John Picarelli, ’97, is a program manager for transnational issues at the National Institute of Justice (NIJ), the research and development branch of the U.S. Department of Justice.
Picarelli focuses on transnational, organized crime, human trafficking and terrorism, among others, and how and how they impact criminal justice sectors at the federal, state, and local levels in the United States.
“We do everything from social science work to technology development to even forensic science,” explained Picarelli. According to Picarelli, his job “is all about translating science to practice, and that’s a lot of what I learned at GSPIA.”
When reflecting on his days at GSPIA, Picarelli remembers “How to bring the theory that we would learn in international security or international political economy and how it would have a practical impact on security policy or criminal justice policy…
GSPIA prepares you well not only for continuing for an academic career if you choose to, but also to continue in a practical realm. GSPIA provides you with the analytical tools you need like policy analysis and the more practical skills like creating presentations, understanding budget cycles, and knowing how to structure memos for impact explained Picarelli.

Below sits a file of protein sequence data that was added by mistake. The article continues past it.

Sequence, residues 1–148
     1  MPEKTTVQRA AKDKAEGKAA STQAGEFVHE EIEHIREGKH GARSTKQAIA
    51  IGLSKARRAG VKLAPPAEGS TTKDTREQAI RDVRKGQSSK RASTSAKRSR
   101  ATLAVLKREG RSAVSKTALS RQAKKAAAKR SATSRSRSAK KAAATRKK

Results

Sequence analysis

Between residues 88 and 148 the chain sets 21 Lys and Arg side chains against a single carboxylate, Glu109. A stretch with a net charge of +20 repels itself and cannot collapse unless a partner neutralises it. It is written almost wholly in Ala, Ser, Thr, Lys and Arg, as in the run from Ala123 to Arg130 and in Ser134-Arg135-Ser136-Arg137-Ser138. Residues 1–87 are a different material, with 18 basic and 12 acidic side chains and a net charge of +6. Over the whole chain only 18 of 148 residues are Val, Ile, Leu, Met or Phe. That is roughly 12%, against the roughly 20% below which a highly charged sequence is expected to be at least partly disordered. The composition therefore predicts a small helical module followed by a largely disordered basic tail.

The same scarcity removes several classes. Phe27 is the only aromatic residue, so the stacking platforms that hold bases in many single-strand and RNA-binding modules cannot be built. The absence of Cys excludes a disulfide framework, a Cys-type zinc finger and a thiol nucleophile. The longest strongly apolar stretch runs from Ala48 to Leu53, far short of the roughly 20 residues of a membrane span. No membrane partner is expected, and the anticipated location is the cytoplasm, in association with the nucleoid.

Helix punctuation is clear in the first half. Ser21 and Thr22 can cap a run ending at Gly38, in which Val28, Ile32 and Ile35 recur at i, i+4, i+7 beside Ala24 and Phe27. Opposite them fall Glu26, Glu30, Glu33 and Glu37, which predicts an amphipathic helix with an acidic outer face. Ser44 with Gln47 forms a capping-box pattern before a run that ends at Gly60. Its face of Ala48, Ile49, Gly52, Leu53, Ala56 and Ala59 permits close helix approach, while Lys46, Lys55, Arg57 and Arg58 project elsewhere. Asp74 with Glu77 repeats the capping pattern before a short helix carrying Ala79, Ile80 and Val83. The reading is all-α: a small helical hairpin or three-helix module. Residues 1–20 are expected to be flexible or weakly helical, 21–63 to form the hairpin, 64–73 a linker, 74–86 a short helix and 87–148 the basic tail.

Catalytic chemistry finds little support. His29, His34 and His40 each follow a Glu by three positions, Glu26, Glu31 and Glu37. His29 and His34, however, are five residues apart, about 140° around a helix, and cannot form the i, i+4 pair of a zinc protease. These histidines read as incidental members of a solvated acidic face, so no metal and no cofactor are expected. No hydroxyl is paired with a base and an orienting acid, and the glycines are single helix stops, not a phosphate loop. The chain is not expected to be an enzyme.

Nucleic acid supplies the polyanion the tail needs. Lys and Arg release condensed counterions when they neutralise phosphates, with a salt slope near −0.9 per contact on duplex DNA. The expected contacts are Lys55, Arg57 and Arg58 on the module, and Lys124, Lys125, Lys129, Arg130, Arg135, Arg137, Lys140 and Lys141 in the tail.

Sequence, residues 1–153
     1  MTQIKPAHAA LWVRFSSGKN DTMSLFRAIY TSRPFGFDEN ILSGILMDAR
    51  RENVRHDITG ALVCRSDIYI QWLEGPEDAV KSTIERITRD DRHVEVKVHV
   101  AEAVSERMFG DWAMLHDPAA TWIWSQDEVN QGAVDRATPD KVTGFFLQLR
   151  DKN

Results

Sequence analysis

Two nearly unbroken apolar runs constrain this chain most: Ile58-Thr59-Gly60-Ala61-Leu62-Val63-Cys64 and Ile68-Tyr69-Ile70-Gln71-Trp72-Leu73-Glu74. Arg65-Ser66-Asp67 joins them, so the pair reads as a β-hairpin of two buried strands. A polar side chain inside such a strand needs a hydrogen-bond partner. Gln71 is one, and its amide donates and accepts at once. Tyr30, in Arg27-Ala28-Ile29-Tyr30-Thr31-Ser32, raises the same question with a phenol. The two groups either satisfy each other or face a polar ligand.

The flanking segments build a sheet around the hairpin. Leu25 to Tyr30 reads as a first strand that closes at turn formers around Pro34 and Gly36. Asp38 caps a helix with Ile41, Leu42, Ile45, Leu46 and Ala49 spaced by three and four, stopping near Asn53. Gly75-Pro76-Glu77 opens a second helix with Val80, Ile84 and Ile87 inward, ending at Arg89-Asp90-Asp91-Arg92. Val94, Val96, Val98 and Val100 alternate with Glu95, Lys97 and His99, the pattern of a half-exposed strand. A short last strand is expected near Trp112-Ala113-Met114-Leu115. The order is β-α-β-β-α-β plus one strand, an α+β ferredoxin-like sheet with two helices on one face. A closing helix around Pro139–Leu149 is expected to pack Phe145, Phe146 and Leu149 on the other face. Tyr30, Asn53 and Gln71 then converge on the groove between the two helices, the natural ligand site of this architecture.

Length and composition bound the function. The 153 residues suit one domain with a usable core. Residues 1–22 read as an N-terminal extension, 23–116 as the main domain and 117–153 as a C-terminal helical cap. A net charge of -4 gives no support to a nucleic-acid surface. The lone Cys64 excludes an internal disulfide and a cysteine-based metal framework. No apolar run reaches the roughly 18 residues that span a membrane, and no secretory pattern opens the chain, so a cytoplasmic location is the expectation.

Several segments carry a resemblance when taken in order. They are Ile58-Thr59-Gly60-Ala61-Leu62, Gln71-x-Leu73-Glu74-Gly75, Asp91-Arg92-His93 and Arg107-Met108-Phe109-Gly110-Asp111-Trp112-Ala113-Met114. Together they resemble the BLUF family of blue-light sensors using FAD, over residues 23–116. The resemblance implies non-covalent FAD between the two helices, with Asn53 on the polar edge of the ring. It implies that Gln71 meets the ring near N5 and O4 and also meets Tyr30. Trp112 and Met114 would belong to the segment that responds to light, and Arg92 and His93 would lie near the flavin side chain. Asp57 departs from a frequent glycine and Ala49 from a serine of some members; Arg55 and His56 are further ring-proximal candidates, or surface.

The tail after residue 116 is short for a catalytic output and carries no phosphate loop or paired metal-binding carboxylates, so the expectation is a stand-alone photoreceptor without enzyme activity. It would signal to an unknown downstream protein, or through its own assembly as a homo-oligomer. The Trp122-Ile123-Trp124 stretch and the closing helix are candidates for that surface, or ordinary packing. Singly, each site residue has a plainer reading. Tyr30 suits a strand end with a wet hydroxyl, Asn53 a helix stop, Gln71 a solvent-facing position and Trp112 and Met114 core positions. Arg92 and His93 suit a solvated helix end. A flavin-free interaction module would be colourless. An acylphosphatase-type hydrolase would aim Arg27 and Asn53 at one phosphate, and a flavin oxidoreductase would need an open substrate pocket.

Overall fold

Picarelli acknowledges the importance of academics, studying… but equally important is gaining “practical experience” through an internship. Moreover, it’s also important “to hone your skills as a presenter and your writing skills and to better understand how to market yourself as a potential candidate whether you are going to wind up in the federal sector or not.
With an increasingly more competitive job market, Picarelli explains that jobs today you need a “certain self-confidence” and be “secure in your abilities.” Employers are looking for skills beyond the “requisite skills” – “We are looking for people who can come in and operate with a certain level of independence. These are people who can give a presentation, people who can write a PowerPoint, and people who aren’t afraid of going up and discussing matters with secretaries and undersecretaries. That’s really important,” said Picarelli.
As for today’s security threats, Picarelli points to “those things that are transnational.” When I graduated in 1997, transnational was still considered asymmetrical, considered low security, low politics. What we have seen over the 20 years since then is the continued evolution of transnational threats. So now we are not only concerned about transnational organized crime, and human trafficking but also about cyber issues and proliferation issues and the role of nongovernmental organizations in security and I think this is all going to continue to evolve over the next 20 years,” explained Picarelli.